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Take the Temperatures

Have you ever looked at any of the care labels on your clothes? If you haven’t, that’s probably why they don’t really look their best. Wash everything with similar colours, and make sure that everything is washed with clothes that need to be washed at the same temperature. It sounds very simple, but it does take a little more time than just chucking everything into the bowl in one go.

Whites Whiter

To make whites whiter, wash them at a higher temperature – they end up a little bit grey if washed at a cool temperature. You might also be using the wrong type of detergent, or not enough of it. Wash only lightly soiled clothes together instead of lumping everything together – if you do, you’ll end up contaminating the lightly dirty clothes which just means that you’ll have to wash everything again anyway.

Do a Dry Run

Doing a dry run or a dry wash means running the washing machine at least once a month, or more frequently, with detergent in it as though you were going to wash your clothes – but just without the clothes. It cleans all of the inner workings of the washing machine and can really improve the effectiveness of the washes. It’s also a good idea to use water softener tablets in each wash if you’re in a hard-water area, as limescale can get into all of the pipes and nooks and crannies of the machine, reducing its efficiency and potentially soiling your clothes even further.

Stop Shrinking

When clothes shrink, it’s either because you’re washing on a too-high or too-hot setting, or because the dryer is too hot. To prevent shrinking, either run the clothes through a cool wash and hang to dry, or dry them on the very lowest setting that you can get away with.

Stop Colour Run

Colour run is a pain in the bum, but it can be avoided. Wash the item that you’re worried about on its own and see if the colour runs or if the water changes colour. If it does, unfortunately, you’re not going to be able to wash it with other clothes and will just have to bite the bullet and do an extra wash every now and then. If not, you’ll be fine (generally) if you turn the item inside out and then pop it in with similar colours at the temperature specified on the label.

Sources: The Nest

10 Simple But Effective Laundry Care Tips

Laundry is laundry. It’s not very interesting, it’s not very fun, but it’s just something we have to do. But there are a few ways that you can make your washes even more effective – yay! Which means that you don’t have to spend as much money on washing liquids and conditioners – and less time ironing, too. Double yay! Take a this link for hiring cleaning supplies to help you on your way.

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  • Some washing liquid manufacturers claim that you can wash everything at 30C. You can wash a lot of stuff at 30C, but not everything, and you won’t get the clean feeling that you want if you just bung everything in at the same temperature. Cold is for fabrics that you’re worried will shrink or get damaged in a warmer wash, warmer washes will generally do for just about everything else, and hot washes should be used for linens, towels, tea towels and anything that could harbor bacteria.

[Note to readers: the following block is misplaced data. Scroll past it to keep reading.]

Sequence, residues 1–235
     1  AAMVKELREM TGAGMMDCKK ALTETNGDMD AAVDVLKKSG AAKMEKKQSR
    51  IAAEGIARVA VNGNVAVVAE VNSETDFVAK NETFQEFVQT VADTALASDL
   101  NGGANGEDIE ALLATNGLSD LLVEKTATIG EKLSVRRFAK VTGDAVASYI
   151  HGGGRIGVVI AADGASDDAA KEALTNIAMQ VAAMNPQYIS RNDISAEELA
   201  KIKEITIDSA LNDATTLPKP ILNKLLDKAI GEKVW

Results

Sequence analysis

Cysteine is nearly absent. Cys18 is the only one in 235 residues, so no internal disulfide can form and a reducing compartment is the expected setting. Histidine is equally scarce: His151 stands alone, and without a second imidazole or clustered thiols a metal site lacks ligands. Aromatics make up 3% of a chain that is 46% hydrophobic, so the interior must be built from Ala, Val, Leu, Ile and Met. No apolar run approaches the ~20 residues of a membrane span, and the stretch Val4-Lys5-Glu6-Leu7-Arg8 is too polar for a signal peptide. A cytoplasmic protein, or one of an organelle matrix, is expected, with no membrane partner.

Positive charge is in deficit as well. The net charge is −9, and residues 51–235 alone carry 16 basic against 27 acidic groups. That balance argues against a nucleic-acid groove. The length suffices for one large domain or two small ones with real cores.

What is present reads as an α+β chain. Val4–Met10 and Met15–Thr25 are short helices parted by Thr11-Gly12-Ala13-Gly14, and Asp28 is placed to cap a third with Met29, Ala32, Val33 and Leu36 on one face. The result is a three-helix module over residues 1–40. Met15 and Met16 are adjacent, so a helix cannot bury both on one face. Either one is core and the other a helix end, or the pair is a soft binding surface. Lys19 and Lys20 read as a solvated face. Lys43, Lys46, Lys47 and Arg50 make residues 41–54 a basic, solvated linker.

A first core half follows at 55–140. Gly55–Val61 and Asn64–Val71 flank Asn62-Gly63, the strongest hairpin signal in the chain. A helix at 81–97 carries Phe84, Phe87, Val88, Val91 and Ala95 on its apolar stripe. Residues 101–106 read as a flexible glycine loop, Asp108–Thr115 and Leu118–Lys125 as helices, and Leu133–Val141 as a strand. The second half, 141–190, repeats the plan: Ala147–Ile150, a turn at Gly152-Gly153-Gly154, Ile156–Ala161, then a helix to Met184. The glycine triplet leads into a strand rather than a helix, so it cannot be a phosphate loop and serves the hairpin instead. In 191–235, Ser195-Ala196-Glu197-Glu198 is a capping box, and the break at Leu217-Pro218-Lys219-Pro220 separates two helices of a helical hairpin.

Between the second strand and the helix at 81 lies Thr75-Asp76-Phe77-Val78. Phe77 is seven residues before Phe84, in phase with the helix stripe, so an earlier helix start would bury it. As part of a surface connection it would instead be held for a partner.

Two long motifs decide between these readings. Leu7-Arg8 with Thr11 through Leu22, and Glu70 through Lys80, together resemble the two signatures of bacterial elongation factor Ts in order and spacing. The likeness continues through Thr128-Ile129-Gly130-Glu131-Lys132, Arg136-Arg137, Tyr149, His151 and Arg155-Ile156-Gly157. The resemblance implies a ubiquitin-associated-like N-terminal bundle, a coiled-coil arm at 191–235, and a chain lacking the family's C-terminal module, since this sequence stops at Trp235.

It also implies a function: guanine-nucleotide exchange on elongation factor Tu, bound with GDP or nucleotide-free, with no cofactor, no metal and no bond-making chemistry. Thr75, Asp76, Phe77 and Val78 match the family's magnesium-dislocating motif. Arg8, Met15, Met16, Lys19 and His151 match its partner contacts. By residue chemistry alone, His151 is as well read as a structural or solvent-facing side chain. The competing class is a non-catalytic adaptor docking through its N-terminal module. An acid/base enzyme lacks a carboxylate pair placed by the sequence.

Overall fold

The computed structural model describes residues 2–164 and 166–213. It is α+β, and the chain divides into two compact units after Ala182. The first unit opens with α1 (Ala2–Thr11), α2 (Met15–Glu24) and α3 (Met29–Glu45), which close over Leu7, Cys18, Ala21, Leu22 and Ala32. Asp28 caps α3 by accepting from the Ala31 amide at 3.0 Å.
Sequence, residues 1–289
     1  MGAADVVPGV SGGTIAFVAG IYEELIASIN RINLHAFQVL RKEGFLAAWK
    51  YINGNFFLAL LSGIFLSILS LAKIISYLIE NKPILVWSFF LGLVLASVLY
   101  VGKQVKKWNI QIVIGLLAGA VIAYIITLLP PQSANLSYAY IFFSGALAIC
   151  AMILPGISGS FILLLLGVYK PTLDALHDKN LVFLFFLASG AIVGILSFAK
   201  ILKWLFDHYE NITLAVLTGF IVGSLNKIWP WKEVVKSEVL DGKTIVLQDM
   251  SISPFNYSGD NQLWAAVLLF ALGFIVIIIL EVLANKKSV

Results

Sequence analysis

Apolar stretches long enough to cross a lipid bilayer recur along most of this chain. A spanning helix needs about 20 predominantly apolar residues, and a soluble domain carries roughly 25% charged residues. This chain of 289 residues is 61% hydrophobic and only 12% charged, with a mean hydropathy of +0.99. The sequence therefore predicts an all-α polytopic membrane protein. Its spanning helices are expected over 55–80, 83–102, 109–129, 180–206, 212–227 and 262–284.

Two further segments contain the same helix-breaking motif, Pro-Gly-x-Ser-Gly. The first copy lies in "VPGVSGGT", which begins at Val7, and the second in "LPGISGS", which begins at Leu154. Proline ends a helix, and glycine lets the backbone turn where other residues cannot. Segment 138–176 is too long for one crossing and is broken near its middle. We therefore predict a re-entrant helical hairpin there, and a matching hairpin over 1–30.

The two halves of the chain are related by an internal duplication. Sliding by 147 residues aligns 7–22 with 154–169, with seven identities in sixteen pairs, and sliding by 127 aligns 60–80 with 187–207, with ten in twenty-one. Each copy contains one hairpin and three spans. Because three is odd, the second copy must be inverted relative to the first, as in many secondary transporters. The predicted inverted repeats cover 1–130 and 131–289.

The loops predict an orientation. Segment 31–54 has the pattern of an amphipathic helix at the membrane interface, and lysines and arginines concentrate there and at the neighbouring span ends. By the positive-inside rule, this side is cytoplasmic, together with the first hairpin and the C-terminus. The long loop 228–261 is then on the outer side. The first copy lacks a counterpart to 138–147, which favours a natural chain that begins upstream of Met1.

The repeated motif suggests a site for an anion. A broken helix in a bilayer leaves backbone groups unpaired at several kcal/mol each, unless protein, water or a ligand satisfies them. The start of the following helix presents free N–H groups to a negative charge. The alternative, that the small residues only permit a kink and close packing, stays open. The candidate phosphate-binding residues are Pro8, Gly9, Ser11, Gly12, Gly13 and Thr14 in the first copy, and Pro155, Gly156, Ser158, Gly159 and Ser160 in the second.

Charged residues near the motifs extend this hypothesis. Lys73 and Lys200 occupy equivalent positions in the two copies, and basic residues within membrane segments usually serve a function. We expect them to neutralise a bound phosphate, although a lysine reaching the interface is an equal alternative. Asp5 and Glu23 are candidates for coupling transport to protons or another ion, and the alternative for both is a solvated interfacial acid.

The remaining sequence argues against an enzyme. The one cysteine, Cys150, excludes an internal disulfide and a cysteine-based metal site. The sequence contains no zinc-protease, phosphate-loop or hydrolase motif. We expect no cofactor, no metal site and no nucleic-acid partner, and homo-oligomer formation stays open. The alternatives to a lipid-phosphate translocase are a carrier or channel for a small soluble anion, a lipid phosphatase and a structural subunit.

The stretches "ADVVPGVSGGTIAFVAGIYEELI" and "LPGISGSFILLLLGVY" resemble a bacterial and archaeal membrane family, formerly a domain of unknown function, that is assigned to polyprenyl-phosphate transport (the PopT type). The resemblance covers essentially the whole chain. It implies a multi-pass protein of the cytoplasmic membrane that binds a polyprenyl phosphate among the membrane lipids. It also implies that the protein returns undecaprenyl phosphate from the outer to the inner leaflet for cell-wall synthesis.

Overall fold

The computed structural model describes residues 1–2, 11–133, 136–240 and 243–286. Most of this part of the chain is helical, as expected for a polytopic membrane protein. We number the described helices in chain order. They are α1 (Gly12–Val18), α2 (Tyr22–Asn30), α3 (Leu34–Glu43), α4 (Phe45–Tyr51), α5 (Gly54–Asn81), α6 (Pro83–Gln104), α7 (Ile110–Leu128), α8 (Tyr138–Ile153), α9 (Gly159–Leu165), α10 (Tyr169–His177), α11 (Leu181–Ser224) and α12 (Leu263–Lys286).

• If whites are turning grey, make sure that you’re only putting whites into the wash – and that they’re all the same kind of “dirty”. It might also be because the machine is dirty, so wash it once a fortnight with nothing in it, using either your regular cleaner or a dedicated washing machine cleaner.
  • Stop dark or coloured clothes from fading by turning ’em inside out before washing.
  • Prevent shrinkage by using a cool wash. Then, when drying, either hang it or dry it on the coolest setting in the tumble dryer.
  • Hate ironing? Of course you do! Lessen the need to iron either by using “ironing balls” in your tumble dryer, or by drying on a longer and cooler cycle so that wrinkles don’t get “tumbled” into your clothes. As soon as the clothes are dry, hang them or fold them so that wrinkles don’t get chance to join the party.
  • Keep your delicates, well, delicate, by popping them in a mesh bag and washing on the coolest possible cycle. Don’t just throw them in with everything else.
  • Using too much detergent will just result in a soapy mess. Those suds can trap dirt and actually embed them in the clothes. It’s not always a case of more soap = cleaner clothes. Just use the minimum amount and don’t fill the cap to the brim every time you wash.
  • Never, ever, ever use conditioner to wash your towels. It takes away all the softness, by, ironically, softening the fibres, which flattens them and means that the towels feel less fluffy.
  • As soon as a stain appears, whip off the offending item of clothing, pretreat it with a stain remover and pop it on a cool wash right away. The longer you leave it, the more embedded it’ll get. If the stain is still there, repeat the cycle.
  • When using sheets that catch running colours in your laundry, keep an eye and make sure that they don’t get stuck in any pipework – they easily slip down drains and into pipes which means that your washing machine won’t wash properly.

Source: The Nest